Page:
“When school shootings happen, why don’t we talk about it?”
This is a question posed by a student group working with Tom Rademacher. It stopped me in my tracks when I read it, in a photo posted by Tom of whiteboard notes from a student activist planning session.
The question, to me, is the whole ballgame of education. When our students want and need to talk about what’s important to them, do we show up? Do we create space? Do we set aside our lesson and just listen? Do we sit in the discomfort, because we serve our students, or do we avoid hard conversations in our own self-interest?
In the last few months, I’ve been thinking a lot about how our own fears as educators (and people) can drown out our ability to hear what our students are really saying.
In the aftermath of yet another school shooting, we expect that our students are going to be scared. We, as the adults, are also scared. Will I die today in this place? It’s a horrifying question to consider, yet we see images of the victims and can’t help but feel connected. I teach English, too. I would stand in front of my students, too. Our students see themselves: I would send that text. I would speak out if I survived. I would be terrified.
Yet, what do we do when our students see themselves reflected not in the victims, but in the shooters?
In my time teaching at a therapeutic school, many of my students were more likely to be categorized as bullies, not targets. Their “challenging behavior” was often what landed them at our school- or, their original school’s response to that behavior. Many of these students lacked coping skills and healthy boundaries. They struggled to form and sustain reciprocal relationships. Faced with trauma, poverty, mental health challenges, and a whole range of adverse experiences, these students were often in survival mode. Doing the best they could.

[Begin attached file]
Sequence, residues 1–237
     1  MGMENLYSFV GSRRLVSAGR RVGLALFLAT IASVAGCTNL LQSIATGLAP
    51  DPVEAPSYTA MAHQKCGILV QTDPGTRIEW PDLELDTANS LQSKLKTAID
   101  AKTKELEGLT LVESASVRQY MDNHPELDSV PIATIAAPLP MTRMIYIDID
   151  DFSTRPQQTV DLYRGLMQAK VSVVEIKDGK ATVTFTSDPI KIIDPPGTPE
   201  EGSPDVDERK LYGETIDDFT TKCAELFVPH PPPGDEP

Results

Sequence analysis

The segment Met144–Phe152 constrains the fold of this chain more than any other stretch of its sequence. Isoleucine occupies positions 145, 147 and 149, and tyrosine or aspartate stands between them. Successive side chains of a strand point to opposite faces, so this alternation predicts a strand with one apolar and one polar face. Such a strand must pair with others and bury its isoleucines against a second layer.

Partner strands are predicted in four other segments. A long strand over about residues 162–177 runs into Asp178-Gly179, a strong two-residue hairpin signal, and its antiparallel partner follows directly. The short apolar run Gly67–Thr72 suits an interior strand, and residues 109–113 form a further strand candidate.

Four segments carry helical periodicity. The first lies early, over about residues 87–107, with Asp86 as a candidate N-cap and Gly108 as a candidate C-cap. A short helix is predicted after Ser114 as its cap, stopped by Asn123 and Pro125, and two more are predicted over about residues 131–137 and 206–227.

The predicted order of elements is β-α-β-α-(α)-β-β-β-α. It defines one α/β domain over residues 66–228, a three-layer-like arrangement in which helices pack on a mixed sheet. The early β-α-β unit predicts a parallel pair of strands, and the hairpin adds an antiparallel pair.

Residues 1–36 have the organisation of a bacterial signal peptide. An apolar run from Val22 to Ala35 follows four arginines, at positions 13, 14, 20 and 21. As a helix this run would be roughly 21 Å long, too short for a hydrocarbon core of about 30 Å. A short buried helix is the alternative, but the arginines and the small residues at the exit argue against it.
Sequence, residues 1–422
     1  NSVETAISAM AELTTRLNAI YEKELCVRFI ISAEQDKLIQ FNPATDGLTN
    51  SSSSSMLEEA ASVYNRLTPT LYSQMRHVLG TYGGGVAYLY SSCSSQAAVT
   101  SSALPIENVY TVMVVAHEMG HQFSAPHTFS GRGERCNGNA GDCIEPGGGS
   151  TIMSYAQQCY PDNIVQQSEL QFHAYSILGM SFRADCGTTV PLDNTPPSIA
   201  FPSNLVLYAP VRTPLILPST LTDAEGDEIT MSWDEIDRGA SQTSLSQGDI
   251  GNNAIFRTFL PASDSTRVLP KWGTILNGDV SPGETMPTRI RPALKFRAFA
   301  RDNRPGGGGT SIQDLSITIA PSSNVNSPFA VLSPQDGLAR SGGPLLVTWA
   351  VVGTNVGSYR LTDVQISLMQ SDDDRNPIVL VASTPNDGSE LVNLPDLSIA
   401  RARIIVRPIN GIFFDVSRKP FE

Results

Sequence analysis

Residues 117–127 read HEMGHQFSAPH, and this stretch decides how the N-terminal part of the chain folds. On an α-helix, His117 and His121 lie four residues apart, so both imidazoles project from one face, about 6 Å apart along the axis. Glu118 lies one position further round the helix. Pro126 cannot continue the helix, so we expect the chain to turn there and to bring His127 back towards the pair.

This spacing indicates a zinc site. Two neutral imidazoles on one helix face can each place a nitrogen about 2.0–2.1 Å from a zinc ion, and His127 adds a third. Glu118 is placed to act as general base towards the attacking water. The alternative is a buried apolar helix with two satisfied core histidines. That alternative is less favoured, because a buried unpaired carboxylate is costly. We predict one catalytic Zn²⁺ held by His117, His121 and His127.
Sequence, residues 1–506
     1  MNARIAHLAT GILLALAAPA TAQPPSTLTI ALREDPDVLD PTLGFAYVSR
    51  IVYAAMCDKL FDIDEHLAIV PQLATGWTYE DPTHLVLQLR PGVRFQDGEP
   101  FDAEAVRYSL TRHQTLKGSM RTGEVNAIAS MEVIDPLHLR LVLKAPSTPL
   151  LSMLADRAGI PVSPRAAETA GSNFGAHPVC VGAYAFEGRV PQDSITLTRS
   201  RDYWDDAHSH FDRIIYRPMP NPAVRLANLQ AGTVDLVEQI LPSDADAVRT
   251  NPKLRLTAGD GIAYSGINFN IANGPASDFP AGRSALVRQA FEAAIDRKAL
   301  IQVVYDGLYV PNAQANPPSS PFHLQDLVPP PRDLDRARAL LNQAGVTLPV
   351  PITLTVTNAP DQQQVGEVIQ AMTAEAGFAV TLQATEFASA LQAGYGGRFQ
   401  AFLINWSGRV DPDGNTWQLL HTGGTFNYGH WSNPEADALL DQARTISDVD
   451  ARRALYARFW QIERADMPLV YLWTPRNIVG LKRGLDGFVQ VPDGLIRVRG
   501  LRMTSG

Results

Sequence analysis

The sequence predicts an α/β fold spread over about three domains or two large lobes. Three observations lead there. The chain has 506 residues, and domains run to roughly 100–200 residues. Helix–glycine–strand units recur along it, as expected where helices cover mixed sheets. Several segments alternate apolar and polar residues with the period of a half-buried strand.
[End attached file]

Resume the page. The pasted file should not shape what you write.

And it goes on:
Survival mode isn’t inspirational. My students were often unkind. They made awful choices. They lied and lashed out and broke stuff. I cared deeply about every single one of them, even though it felt impossible sometimes. That was my job. I saw the magic in every one of them. Even when they were jerks.
I cared deeply about every one of them. And that care made it possible for me to hear them say “I am going to bring a gun to school” and really listen to what they meant.
As I write this, I feel the tension and I hear objections echoing. “We have to take all threats seriously.” Yes, I agree. “We can’t make excuses for these perpetrators’ behavior.” I agree.
And. Some of our students will read the news and identify with the shooter. They feel lonely and isolated. They feel powerless. They don’t have the skills to cope with the overwhelming feelings. They wonder, “If I did the worst possible thing in the world, would anyone still love me? Does anyone really care that much about me?”
So when a student who I care about says, “I want to bring a gun to school,” how should I respond?
“You can’t say that.”
“Don’t joke about that.”
“I need to call the administrator.”
“I need to call the police.”
Or should I say, “That sounds like a really intense feeling. Tell me more?” Should I say, “I really care about you and it makes my heart hurt to know that you are that angry. Let’s talk about it?” What would it look like to set aside my own fear and let myself empathize with a student who is empathizing with what I perceive as evil?
What would it look like to recognize the complexity of trauma and how victims so often become perpetrators? What would it look like to learn into that messiness and choose empathy instead of fear?
I wish I knew how to identify when a student is reaching out for help or when they have crossed over the point of no return. I wish I knew what the line was – when a student is speaking their truth and seeking connection, and when a student is sharing a murderous plan. I wish I knew how to prevent these atrocities. And I am not making a case against sharing information, reporting, or intervening.
But I’m wondering. When we talk about school shootings, can we be brave enough to recognize that some of our students identify with the shooter? And can we hold them in our care, our empathy, and our curiosity? Can we pull them closer into our community and say, “No matter what awful thing has crossed your mind, you still belong here”?
I don’t know the answers. But I am committed to wrestling with them until we find a better path forward. I am holding all of the victims, past and future, in my heart, and all of my magical, struggling students, too.